The US Govt. (FCC) also has a MONOOLY on the right to regulate the the public airwaves, as they claim with immigration laws in justifying their lawsuit against the state of Arizona.

Cities and counties have been slapped down in their attempts to ban antenna structures owned by federally licensed ham radio operators. New Jersey even tried to ban broad-banded radios capable of receiving the VHF/UHF public safety bands. I don't know of any hams or broadcasters who are required to be licensed by a state or local government...
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Old 07-22-2010, 9:00 PM
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Quote:
Originally Posted by cousinkix1953 View Post
Really. The ECPA does prohibit the cracking of encrypted or scrambled radio traffic. Whatever is broadcast in plain ENGLISH is fair game. Cyber space does not recognize the city limits, a county line or a state border. It will take an act of Congress to ban internet streams.
While it is illegal to decrypt encrypted broadcasts without permission, this really has nothing to do with streaming. If the broadcast is encrypted and the stream simply redistributes this encrypted stream (without decrypting it) this would be the same as streaming a non-encrypted transmission (the audio stream of the encrypted broadcast - heard as noise, not the actual decrypted audio) should pass the same legal standard as a unencrypted broadcast would. The act of decrypting that audio stream would be illegal, however.

Why must the broadcast be in English to be allowed to be "fair game"? Wouldn't a similar broadcast in Spanish, French, or any other language also be "fair game"? I think that the legal standard is if the broadcast is "readily accessible to the general public" (loosely translated as being broadcast 'in the clear' without being encrypted), and has nothing to do with the language the broadcast is in.
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Old 07-23-2010, 3:08 AM
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The federal Supremacy Clause precludes California from enacting a law that supercedes federal law. What federal law allows California cannot disallow. This is a similar debate over the Arizona immigration law. Arizona wrote their law to mirrow federal law and avoid the debate (we'll see what happens!) California did not write an anti-scanner law. Some municipalities used to have have or attempted to do so and have failed. PC 636 is intended for video peeping Tom's or audio survelliance and the like. Cities HAVE successfully banned amatuer radio towers in southern Californhia, like Grand Terrace.
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Old 07-23-2010, 5:29 AM
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I've been curious about this too, but not in a way where Radio reference would be liable. But rather the end time user.

When its illegal to possess a scanner due to criminal conviction, yet the convicted can still own a cellphone. I wonder if that is a loop hole that each state has to re-consider or what.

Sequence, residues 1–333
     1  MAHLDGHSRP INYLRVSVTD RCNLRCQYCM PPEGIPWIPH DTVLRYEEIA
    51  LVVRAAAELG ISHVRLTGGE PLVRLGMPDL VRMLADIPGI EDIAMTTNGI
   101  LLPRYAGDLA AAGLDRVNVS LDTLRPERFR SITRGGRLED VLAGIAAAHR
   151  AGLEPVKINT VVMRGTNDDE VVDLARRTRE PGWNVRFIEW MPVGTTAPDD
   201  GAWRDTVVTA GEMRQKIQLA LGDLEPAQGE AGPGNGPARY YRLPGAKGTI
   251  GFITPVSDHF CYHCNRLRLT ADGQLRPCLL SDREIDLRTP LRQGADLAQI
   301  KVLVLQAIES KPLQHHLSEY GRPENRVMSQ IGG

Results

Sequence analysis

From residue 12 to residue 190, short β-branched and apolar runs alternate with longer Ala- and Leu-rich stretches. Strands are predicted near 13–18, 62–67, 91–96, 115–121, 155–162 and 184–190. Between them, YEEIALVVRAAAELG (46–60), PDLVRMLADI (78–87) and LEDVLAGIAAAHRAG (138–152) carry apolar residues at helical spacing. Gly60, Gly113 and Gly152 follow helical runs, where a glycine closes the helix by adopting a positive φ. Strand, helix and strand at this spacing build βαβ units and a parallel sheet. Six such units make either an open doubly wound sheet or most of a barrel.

The Electronic privacy Act probably needs as much an overhaul as FCC part-95 did.
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Old 07-23-2010, 10:11 AM
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The problem here is that the question is not 'settled' yet.

The ECPA clearly allows receiving unencrypted signals. It does NOT state you may DISTRIBUTE those signals to others.

The primary law the ECPA modifies (Section 605) states you may not intercept OR distribute.

Will a court rule that 'allowed to intercept' also includes 'allowed to distribute'?

I believe some have... others might rule the other way.

Meanwhile, if you stream, and an agency demands you stop, you are at the mercy of the local prosecutor, who may decide that 'No, it does not allow distribute', and haul you into court. You might win, in court... eventually. After spending a fortune. Is it worth it to you to spend that fortune, or do you take the feed down when demanded?

Your call.
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Old 07-23-2010, 12:06 PM
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People, let's actually read these things before we jump to conclusions. This is why you have to attend law school and pass the Bar before practicing law. California Penal Code Section 636.5 is perfectly clear when you pay attention to the parts that I have capitalized. No "interpretation" is necessary at all:

"Any person not authorized by the sender, who intercepts any
public safety radio service communication, by use of a scanner or any
other means, FOR THE PURPOSE OF using that communication to assist
in the commission of a criminal offense or to avoid or escape arrest,
trial, conviction, or punishment or who divulges to any person HE OR
SHE KNOWS TO BE A SUSPECT in the commission of any criminal offense,
the existence, contents, substance, purport, effect or meaning of
that communication concerning the offense WITH THE INTENT that the
suspect may avoid or escape from arrest, trial, conviction, or
punishment is guilty of a misdemeanor.
Nothing in this section shall preclude prosecution of any person
under Section 31 or 32.
As used in this section, "public safety radio service
communication" means a communication authorized by the Federal
Communications Commission to be transmitted by a station in the
public safety radio service."
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Old 07-23-2010, 9:29 PM
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Quote:
Originally Posted by scancapecod View Post
One has to wonder how many EFFING times this is going to be brought up...it is covered again and again and again here ad nauseum.
And I agree.

Please go find an older thread on the topic to reply to if someone is interested in continuing.